Namibia: Lüderitz Residents Meet Over Manganese Pollution Threats

Lüderitz residents yesterday evening packed the local German hostel hall to express their views about manganese ore dust pollution threats.

The residents have been up in arms since December last year following what they termed illegal dumping of manganese at the harbour town.

Two South African companies started transporting manganese ore from the neighbouring Northern Cape province in South Africa to the southern coastal town towards the end of last year. The ore had had been offloaded about three kilometers outside the town, to be exported via the port of Lüderitz to China.

It has also transpired that no environmental clearance certificates were issued for the transportation, storage and export of the manganese ore.

When residents raised alarm last month and called for government intervention, the environment ministry placed a temporary suspension on the storage of manganese at the harbour town, and ordered the companies handling the transpiration and storage to rehabilitate the storage area within five days.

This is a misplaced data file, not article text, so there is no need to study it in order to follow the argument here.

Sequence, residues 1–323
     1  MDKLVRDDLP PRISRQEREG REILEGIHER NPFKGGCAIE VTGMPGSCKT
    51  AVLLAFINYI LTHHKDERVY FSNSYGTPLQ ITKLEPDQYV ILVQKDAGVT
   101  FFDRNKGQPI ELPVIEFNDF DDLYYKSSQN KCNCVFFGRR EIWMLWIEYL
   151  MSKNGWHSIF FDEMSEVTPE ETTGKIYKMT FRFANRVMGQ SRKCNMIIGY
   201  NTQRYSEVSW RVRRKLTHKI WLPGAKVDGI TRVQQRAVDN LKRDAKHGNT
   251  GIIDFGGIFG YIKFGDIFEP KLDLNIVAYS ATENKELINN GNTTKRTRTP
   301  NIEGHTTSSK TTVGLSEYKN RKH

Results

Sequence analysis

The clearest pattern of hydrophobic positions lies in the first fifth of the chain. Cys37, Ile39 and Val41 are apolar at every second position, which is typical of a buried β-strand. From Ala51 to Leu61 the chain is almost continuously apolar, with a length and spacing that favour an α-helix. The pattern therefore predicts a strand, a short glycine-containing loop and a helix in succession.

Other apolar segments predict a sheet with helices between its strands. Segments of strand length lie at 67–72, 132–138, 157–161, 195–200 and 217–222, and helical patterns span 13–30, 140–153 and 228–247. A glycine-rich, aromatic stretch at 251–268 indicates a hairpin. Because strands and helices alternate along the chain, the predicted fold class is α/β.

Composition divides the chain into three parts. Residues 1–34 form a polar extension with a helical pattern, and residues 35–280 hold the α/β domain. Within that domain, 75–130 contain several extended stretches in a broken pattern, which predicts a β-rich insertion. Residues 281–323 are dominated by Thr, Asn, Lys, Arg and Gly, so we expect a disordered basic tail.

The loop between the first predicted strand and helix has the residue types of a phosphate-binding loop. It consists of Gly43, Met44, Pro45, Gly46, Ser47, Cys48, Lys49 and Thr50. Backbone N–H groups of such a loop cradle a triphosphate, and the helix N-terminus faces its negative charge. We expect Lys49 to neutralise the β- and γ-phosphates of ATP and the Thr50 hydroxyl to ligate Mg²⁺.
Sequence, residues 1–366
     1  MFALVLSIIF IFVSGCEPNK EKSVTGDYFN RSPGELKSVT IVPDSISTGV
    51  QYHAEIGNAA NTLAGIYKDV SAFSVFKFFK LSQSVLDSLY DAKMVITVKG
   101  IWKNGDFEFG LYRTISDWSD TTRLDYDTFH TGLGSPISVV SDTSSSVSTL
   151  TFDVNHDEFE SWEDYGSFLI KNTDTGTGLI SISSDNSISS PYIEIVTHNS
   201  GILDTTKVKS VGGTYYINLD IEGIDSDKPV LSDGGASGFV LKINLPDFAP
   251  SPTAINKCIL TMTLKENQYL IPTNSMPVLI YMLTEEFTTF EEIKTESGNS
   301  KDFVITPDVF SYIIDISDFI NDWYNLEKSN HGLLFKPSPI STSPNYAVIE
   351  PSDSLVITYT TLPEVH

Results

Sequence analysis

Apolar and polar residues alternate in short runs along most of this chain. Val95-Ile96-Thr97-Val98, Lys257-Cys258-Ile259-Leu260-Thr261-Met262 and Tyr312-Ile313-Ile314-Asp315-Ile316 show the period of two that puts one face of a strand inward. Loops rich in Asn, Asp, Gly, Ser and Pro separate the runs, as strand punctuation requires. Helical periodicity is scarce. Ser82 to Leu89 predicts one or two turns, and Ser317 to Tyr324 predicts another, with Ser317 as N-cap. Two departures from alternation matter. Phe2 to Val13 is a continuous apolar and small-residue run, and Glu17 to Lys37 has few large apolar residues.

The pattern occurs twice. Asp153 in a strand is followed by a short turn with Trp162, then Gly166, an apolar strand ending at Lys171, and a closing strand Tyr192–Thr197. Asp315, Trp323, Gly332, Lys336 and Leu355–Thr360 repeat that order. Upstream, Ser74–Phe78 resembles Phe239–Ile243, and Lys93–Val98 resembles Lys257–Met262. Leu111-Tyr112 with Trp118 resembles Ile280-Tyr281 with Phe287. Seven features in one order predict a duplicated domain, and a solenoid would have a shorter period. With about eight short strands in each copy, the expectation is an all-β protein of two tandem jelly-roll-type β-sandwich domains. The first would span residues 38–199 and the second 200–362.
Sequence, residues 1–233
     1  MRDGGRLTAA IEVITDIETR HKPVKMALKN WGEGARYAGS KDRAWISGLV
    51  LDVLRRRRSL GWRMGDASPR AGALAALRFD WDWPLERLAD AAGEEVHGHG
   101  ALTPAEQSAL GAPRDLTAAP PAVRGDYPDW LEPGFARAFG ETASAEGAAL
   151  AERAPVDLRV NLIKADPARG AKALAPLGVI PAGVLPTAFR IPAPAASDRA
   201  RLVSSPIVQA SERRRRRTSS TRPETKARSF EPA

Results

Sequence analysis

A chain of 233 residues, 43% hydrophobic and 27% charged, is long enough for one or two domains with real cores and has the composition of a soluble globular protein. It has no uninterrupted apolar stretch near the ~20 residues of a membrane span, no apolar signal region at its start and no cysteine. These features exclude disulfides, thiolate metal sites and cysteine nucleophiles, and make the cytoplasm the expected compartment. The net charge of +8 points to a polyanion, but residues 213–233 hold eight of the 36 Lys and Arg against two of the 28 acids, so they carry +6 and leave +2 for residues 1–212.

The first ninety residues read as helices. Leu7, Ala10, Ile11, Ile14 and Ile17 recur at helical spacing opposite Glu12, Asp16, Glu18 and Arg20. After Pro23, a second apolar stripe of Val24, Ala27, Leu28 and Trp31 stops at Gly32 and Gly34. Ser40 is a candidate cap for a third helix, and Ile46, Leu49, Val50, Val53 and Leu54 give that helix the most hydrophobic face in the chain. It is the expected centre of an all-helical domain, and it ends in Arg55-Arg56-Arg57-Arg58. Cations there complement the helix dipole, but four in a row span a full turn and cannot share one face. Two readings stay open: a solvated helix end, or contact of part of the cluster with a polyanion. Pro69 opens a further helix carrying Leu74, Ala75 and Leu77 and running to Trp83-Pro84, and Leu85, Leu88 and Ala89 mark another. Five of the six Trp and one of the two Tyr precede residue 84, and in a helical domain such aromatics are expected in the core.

The police also impounded the lorries that were transporting the manganese ore.

However, a few days later the environment ministry granted Namport authorisation to store the manganese at the port of Lüderitz, and the impounded trucks were allowed to leave for South Africa.

This again ignited the residents' fears over the negative effects the manganese may have on their health and the environment.

Most residents at yesterday evening's meeting said they were not against development at the town, referring to the export of the manganese via the port of Lüderitz, but equally said those spearheading the handling and storage of manganese should have consulted with them on the health risk the manganese storage poses.

"They want to do business in a cheap way at the expense of the locals' health," fumed local community activist Reggie Hercules.

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